When Can The Test Blink?

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Let's take a page where a loading element is displayed while the application is fetching the data from the server. If the test is observing the loading element to make sure it disappears, can the loading be too fast? Can the test runner "blink" and miss the element?

Yes, it can. In this blog post I will show an example of a flaky test where this happens. You can find the source code for this post in the repository bahmutov/cypress-blink-example.

The loading element test

Let's write a test to visit the local web application, ensure the loading element appears, then disappears. The test finishes by checking the expected number of items is present on the page.

describe('TodoMVC App', () => {
  it('shows loading element', () => {
    cy.visit('/?delay=500')
    cy.get('.loading').should('be.visible')
    cy.get('.loading').should('not.be.visible')
    cy.get('li.todo').should('have.length', 2)
  })
})

The test above first uses the positive assertion .should('be.visible') to establish the element is displayed, then the negative assertion .should('not.be.visible') to make sure the element goes away. We need the positive assertion first to make sure the test does not pass before the application starts data load. For more on negative assertions read the blog post Be Careful With Negative Assertions.

Note: the example application delays the data fetching if there is the ?delay=N URL parameter. This makes the test easier to explain and understand.

The test passes, but once in a while we see it fail, and sometimes it fails on continuous integration service. The video below shows the test pass, then fail when I click the "R" key to re-run the tests.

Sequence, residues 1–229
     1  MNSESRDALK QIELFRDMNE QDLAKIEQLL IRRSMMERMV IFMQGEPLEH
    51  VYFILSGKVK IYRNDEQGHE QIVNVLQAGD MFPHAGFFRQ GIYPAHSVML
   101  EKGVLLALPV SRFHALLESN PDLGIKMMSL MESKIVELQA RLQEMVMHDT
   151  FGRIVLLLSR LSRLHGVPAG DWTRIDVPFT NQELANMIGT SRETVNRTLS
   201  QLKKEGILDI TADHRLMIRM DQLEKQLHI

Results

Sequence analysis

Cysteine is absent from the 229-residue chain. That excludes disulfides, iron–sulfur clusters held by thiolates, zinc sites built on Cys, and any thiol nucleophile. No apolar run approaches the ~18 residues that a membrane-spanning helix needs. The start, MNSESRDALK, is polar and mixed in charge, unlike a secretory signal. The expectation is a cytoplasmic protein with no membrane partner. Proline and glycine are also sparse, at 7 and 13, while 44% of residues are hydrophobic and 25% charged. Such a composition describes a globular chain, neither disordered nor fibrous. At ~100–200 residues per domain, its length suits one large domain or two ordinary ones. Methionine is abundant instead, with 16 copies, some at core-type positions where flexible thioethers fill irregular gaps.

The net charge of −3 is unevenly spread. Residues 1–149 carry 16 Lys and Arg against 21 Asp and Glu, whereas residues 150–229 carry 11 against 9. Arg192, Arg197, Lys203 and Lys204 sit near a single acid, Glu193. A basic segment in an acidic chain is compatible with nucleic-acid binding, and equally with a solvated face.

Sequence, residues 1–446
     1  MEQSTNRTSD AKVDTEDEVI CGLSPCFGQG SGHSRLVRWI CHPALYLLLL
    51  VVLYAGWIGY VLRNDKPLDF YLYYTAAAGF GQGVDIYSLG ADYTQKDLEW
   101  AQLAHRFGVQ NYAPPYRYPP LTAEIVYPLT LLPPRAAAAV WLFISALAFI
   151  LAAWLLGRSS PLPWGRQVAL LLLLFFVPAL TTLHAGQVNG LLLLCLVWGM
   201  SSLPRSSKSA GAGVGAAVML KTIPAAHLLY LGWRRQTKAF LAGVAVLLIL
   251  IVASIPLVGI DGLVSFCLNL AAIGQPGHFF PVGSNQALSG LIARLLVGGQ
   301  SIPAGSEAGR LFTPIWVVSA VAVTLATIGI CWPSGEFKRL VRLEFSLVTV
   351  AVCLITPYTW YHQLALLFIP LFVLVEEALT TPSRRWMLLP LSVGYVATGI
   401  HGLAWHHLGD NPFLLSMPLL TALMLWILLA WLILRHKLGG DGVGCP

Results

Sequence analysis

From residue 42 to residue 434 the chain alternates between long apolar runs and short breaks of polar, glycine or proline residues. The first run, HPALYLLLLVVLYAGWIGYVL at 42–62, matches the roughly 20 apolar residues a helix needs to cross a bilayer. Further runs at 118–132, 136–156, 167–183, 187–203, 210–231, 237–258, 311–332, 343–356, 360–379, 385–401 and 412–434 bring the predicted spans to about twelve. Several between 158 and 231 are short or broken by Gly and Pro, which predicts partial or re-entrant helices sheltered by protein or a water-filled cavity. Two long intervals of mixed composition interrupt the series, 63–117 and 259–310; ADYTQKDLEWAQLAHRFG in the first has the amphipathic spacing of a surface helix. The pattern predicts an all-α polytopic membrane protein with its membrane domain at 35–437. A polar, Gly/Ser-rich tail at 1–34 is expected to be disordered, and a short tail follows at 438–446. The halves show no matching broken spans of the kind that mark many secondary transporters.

What is going on?

Run the test multiple times

First, let's make the test fail faster. The loading element should become visible after at most 500ms, thus there is no point to wait for 4 seconds (the default command timeout) before the test fails.

describe('TodoMVC App', () => {
  it('shows loading element', () => {
    cy.visit('/?delay=500')
    cy.get('.loading', { timeout: 800 }).should('be.visible')
    cy.get('.loading').should('not.be.visible')
    cy.get('li.todo').should('have.length', 2)
  })
})

Now let us see how often the test fails. We can run the test N times to see the failure rate. I will use the bundled Lodash to repeat the callback function N times to define N tests.

describe('TodoMVC App', () => {
  Cypress._.times(20, (k) => {
    it(`shows loading element ${k}`, () => {
      cy.visit('/?delay=500')
      cy.get('.loading', { timeout: 800 }).should('be.visible')
      cy.get('.loading').should('not.be.visible')
      cy.get('li.todo').should('have.length', 2)
    })
  })
})

The 20 tests run and fail 7 times = about 1/3 failure rate!

Typically, if the rate is very low, I would enable test retries and call it a day. But in our case the test has a fundamental flaw that we should not "overlook" by retrying.

It is the loading speed

If we observe a passing test we can see the loading element appearing and disappearing very quickly. Let us time how long it takes to fetch JSON data from the server. I will modify the application's code, and the elapsed time will be printed in the console.

loadTodos({ commit, state }) {
  console.log('loadTodos start, delay is %d', state.delay)
  setTimeout(() => {
    commit('SET_LOADING', true)
    const loadingStarted = Number(new Date())

    axios
      .get('/todos')
      .then(r => r.data)
      .then(todos => {
        commit('SET_TODOS', todos)
        commit('SET_LOADING', false)
        const loadingStopped = Number(new Date())
        const loadingTook = loadingStopped - loadingStarted
        console.log('>>>loading took', loadingTook)
      })
      .catch(e => {
        console.error('could not load todos')